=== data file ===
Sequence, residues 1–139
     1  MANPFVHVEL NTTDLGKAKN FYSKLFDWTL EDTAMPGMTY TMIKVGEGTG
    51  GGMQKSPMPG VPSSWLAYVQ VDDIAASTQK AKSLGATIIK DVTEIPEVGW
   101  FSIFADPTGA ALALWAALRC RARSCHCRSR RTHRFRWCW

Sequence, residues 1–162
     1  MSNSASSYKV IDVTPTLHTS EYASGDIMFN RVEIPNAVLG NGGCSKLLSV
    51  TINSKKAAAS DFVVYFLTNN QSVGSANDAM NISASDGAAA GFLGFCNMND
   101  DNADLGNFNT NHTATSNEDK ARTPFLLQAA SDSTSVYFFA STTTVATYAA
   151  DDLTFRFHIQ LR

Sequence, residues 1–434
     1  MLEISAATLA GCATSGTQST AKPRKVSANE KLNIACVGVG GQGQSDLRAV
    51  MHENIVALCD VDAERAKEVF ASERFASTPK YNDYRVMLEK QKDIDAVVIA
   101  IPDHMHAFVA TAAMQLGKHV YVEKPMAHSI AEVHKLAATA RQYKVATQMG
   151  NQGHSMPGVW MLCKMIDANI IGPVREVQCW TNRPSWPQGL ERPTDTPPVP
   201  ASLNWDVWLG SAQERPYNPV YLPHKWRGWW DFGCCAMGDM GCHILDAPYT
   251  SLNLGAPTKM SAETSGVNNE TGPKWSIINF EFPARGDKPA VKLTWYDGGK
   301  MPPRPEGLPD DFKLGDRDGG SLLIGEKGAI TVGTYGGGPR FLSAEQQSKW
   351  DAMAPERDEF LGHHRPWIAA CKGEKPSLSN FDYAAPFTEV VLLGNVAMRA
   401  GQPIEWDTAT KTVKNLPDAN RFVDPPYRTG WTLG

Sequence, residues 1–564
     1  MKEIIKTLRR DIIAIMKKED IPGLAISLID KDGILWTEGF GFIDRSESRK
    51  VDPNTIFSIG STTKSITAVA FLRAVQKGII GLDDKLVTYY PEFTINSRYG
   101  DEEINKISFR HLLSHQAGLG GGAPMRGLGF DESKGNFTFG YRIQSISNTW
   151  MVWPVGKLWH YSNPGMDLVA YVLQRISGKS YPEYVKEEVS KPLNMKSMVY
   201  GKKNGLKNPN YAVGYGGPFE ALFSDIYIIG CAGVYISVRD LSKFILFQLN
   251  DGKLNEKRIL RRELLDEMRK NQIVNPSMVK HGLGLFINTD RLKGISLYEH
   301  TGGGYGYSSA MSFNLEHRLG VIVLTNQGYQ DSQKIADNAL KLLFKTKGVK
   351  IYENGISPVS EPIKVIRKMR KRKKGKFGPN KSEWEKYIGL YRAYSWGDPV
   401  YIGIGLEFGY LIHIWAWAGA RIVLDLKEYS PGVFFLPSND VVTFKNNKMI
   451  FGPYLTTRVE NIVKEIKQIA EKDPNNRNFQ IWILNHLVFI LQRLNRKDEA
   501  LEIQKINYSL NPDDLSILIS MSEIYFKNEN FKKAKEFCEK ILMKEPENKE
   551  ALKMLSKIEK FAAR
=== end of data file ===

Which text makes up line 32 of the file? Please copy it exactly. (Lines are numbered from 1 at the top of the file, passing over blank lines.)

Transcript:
   551  ALKMLSKIEK FAAR